Rainbow colours join flags at city hall for Capital Pride

By: Kirsten Fenn
The sun may have been tucked behind the clouds in Ottawa on Monday afternoon, but rainbow colours shone brightly in the sky at City Hall during the official flag raising ceremony of Capital Pride 2013.

Ottawa Mayor Jim Watson raises the rainbow flag to mark Capital Pride week. Photo by Kirsten Fenn

By: KIRSTEN FENN

Ottawa Mayor Jim Watson and raises the rainbow flag to mark Capital Pride week. Photo by Kirsten Fenn

Ottawa Mayor Jim Watson raised the rainbow flag above City Hall on Monday to mark Capital Pride week. Photo by Kirsten Fenn

The sun may have been tucked behind the clouds in Ottawa on Monday afternoon, but rainbow colours shone brightly in the sky at City Hall during the official flag raising ceremony of Capital Pride 2013.

The event ended a daylong flag raising tour that kicked off at the Ottawa Police Services Headquarters in the early morning and continued at various locations across the city. A designated OC Transpo Pride bus provided transportation for visitors.

By late afternoon, community members gathered at Marion Dewar Plaza to watch Mayor Jim Watson raise the sixth and final rainbow flag of the day with the help of Ottawa Centre MPP Yasir Naqvi and Micheal Lafontaine, interim chair of Capital Pride.

“Does everyone know what the theme is for this year’s Pride?” Lafontaine asked the crowd as he commenced opening speeches. “I want to hear it, say it real loud!”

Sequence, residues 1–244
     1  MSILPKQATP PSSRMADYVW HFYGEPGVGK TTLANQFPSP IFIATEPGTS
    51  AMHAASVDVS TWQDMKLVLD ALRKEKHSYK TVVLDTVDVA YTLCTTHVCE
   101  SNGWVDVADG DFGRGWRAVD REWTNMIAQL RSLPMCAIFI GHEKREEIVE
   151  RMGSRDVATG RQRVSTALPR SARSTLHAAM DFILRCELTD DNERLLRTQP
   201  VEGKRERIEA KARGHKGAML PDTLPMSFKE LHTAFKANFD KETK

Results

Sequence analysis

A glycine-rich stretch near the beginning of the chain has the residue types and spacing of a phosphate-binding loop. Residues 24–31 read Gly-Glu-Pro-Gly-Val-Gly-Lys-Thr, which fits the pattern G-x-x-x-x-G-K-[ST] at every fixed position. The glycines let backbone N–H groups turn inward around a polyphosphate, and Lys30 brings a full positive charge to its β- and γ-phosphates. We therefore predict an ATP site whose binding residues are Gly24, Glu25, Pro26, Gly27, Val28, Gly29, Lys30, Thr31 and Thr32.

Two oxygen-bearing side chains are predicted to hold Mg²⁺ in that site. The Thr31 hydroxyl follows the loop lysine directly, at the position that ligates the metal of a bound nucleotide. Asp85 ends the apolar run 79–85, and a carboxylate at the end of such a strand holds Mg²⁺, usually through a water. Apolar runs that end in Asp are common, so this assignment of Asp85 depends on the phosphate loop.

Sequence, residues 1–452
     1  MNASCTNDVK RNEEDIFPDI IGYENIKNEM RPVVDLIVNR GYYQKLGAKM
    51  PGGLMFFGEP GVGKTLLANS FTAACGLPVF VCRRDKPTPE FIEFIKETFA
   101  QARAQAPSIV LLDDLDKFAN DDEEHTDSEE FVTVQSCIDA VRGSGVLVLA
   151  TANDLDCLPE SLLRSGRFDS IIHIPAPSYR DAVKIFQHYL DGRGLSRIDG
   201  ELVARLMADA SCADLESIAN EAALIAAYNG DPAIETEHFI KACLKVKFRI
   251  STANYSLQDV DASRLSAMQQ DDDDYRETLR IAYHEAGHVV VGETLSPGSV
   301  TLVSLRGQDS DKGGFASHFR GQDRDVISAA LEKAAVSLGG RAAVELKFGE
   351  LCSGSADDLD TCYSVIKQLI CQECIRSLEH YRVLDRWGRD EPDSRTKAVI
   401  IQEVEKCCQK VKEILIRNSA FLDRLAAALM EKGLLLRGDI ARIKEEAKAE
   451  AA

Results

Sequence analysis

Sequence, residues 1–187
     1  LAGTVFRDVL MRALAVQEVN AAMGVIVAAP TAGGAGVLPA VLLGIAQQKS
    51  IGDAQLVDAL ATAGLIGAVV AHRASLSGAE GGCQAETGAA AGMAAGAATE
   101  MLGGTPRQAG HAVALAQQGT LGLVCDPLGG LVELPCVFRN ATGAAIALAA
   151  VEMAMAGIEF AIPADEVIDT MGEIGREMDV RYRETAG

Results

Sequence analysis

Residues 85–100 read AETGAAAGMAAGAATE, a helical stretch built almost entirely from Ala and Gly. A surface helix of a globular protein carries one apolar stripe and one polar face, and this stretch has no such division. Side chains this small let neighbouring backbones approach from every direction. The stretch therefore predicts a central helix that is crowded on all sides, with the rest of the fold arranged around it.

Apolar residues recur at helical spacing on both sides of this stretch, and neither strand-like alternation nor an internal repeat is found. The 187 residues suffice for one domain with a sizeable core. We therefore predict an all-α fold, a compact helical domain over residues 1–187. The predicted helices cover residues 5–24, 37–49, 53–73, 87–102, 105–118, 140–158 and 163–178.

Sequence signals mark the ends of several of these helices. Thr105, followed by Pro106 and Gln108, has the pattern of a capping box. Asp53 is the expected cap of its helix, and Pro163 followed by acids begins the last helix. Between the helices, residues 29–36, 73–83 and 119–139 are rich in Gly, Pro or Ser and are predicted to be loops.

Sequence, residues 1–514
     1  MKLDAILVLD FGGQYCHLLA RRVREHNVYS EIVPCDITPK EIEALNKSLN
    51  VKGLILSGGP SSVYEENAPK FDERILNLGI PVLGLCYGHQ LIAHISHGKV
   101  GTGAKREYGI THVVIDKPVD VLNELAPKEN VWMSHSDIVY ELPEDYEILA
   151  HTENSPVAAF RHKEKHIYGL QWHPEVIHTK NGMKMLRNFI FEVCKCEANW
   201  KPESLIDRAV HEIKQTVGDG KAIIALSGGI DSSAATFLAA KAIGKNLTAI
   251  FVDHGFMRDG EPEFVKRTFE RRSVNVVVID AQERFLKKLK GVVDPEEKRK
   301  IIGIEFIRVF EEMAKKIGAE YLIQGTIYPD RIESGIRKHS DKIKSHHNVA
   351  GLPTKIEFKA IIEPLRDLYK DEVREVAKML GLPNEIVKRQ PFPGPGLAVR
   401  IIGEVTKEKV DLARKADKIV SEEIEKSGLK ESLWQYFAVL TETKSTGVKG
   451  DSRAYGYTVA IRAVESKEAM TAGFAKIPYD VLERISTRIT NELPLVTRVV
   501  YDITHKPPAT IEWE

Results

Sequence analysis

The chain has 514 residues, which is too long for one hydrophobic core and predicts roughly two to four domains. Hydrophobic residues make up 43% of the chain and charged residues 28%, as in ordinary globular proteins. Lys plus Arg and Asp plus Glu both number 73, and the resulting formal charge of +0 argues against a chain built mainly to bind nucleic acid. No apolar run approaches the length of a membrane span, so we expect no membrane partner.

“BE LOUD, BE PROUD!” the crowd shouted in reply. And there was plenty of discussion about what exactly Ottawa has to be proud of.

For the first time in history, Lafontaine said, the annual Pride Parade will march through Ottawa’s designated GLBTQ Village on Bank St.

Ottawa Centre MPP Yasir Naqvi, who spoke at the event, also touted the achievements Canadians have made in the realm of GLBTQ rights.

“For the very first time [in Canada] we have the protection of gender expression and gender identity in our human rights code,” Naqvi said, the crowd cheering and whistling in support.

International marshal Maurice Tomlinson reminded the crowd that Russia is not the only country discriminating against the GLBTQ community. Photo by Kirsten Fenn

International marshal Maurice Tomlinson reminded the crowd that Russia is not the only country discriminating against the GLBTQ community. Photo by Kirsten Fenn

“We have the first premier in our province, and in all the country, who is a lesbian and in a same-sex relationship. It’s an incredible achievement for our province and our country,” he said.

But the ceremony was not without reminder of the challenges and responsibilities Canada faces in terms of supporting human rights around the world. In light of Russia’s anti-gay legislation passed this June, Pride is an especially important moment to speak out for those who face discrimination, Naqvi said.

Canadians have the power to show their support for the international GLBTQ community by letting federal MPs know that they won’t tolerate discriminatory behaviour from governments such as Russia’s, Watson later added in an interview.

Capital Pride’s international marshal Maurice Tomlinson echoed the sentiment, explaining that in his country – Jamaica – people do not have the right to engage in “private, consensual, same-gender intimacy,” let alone celebrate Pride festivities in public. In many countries around the world, people are murdered for such acts, he said.

“You’re free to support without fear of persecution [here], and that’s a privilege you really should not take for granted,” Tomlinson said.

Before raising the rainbow flag with the help of Laontaine and Naqvi, Watson officially proclaimed Aug. 16-25 Capital Pride Festival Days in the City of Ottawa.

“Diversity of sexual orientation and gender identity represents a positive contribution to society and is therefore a matter of pride and celebration,” Watson said.

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